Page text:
I need to start doing more things on my own. Sure it can be a social thing, but going to a concert doesn’t have to be with somebody. I’ve yet to eat at a restaurant alone, nor seen a play/musical/movie, but I’m certainly more open to the idea now.

Sidenote, I’ve started making my Resolutions for 2016:

  1. Tardiness is selfish. Don’t be late.
  2. Don’t say “I don’t know” unless you really don’t know. Even then, can you fucking Google it?
  3. Speak with more authority. Don’t end your sentences on high, whiney, bitchy tones.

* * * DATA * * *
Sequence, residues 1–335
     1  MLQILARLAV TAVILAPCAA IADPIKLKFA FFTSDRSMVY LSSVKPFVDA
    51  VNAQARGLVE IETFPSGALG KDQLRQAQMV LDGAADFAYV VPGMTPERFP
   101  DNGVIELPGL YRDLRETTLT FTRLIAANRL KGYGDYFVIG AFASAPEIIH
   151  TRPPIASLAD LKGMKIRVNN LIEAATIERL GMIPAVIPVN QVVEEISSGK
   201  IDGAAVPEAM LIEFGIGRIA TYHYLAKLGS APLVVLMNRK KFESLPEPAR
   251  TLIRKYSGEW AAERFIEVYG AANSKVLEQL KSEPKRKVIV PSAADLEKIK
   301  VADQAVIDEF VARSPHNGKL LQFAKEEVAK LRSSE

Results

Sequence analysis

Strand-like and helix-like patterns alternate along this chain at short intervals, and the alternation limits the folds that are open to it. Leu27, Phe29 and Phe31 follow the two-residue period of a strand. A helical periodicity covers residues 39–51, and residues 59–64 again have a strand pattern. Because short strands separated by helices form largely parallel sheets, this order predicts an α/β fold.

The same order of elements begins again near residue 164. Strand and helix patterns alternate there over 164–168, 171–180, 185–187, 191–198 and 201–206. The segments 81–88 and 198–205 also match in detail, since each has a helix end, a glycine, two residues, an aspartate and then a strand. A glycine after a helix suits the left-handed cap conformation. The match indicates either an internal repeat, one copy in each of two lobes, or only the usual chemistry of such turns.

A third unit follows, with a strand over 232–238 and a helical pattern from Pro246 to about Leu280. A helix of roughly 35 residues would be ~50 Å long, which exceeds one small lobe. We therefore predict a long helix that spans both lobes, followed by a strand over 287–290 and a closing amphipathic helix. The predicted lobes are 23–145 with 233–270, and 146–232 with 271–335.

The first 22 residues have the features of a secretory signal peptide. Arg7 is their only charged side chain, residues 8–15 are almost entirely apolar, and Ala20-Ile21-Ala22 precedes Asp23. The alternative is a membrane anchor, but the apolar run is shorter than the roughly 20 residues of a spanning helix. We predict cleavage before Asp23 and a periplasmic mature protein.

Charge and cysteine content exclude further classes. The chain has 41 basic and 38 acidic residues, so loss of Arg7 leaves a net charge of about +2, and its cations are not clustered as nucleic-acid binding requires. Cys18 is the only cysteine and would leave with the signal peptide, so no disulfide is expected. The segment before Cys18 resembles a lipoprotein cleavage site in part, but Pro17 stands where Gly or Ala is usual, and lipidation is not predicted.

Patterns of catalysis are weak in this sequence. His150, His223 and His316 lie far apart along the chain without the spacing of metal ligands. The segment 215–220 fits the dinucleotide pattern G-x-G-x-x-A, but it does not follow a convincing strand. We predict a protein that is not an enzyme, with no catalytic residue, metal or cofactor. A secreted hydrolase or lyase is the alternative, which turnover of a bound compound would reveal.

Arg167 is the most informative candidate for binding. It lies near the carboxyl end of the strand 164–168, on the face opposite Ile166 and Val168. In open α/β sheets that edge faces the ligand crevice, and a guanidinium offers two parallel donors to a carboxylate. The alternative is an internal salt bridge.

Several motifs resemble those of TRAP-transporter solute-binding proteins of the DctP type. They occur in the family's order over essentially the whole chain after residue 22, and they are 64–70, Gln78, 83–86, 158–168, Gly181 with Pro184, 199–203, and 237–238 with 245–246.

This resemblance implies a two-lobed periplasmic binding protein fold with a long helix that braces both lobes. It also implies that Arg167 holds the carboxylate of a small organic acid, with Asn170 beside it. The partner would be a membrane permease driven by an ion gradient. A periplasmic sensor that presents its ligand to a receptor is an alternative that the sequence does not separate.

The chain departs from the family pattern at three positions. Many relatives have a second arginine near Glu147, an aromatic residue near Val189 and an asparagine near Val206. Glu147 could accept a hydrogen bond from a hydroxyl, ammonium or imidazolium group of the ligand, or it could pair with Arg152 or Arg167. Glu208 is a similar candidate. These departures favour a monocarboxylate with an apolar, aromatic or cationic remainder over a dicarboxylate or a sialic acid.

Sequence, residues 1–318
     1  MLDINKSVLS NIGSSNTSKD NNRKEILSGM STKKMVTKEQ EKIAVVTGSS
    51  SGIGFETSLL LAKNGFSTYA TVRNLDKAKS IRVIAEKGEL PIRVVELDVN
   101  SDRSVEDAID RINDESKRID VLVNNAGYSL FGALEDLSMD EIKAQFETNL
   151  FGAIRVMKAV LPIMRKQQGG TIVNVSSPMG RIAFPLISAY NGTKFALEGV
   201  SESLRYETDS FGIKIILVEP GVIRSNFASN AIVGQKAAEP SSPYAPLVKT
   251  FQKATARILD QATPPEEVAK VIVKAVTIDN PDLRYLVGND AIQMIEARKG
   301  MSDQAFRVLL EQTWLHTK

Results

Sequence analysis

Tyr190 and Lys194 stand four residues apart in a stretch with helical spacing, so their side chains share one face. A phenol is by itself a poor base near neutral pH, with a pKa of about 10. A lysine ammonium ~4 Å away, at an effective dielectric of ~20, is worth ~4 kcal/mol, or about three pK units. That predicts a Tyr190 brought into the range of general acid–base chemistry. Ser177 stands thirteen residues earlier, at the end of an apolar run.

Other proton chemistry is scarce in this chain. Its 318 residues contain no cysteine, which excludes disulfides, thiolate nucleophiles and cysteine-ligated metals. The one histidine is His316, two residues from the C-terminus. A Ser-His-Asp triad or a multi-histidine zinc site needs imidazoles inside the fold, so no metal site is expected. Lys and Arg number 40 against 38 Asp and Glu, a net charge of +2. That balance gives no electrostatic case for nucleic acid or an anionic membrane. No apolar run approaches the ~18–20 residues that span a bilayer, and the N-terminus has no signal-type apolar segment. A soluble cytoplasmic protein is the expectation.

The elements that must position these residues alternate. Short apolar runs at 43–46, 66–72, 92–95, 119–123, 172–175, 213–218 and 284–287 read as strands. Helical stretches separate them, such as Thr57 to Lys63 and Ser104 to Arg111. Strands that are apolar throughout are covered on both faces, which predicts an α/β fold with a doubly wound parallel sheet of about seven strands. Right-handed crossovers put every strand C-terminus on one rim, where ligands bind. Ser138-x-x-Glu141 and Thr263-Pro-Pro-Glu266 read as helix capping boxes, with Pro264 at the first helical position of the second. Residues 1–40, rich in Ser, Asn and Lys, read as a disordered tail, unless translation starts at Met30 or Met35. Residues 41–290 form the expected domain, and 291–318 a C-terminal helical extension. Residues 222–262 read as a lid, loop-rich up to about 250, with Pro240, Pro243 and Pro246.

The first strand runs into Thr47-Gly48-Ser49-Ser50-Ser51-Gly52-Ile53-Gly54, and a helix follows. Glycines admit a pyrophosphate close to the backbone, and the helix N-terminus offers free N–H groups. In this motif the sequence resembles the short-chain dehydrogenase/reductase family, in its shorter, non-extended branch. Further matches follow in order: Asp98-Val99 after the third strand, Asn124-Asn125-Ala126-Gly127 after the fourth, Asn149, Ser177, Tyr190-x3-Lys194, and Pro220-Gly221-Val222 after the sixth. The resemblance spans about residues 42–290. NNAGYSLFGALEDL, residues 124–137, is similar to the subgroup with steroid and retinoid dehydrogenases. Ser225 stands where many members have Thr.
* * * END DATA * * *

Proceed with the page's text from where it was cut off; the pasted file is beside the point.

4. Quit your job.
  5. Come out to your family.

I will quit.

There’s a strong sense of security that comes with having a job. I’m not talking financial – that’s a given. A 9-5 (or whenever you end) job anchors you to a period of time each day, five times a week, where you are being productive and you are occupied. It’s routine, it’s secure, and it’s the source of livelihood for the lucky.

Which is why I’m terrified of quitting.

I won’t go into the reasons for quitting here, but I wanted to articulate (for myself) my thoughts about the best time to quit. For me, I’m debating one of two things:

  1. Quit with no job lined up – I`m quitting so I can have the time to figure out what I want to do, instead of jumping at the first opportunity.
  2. Quit when I have a job lined up.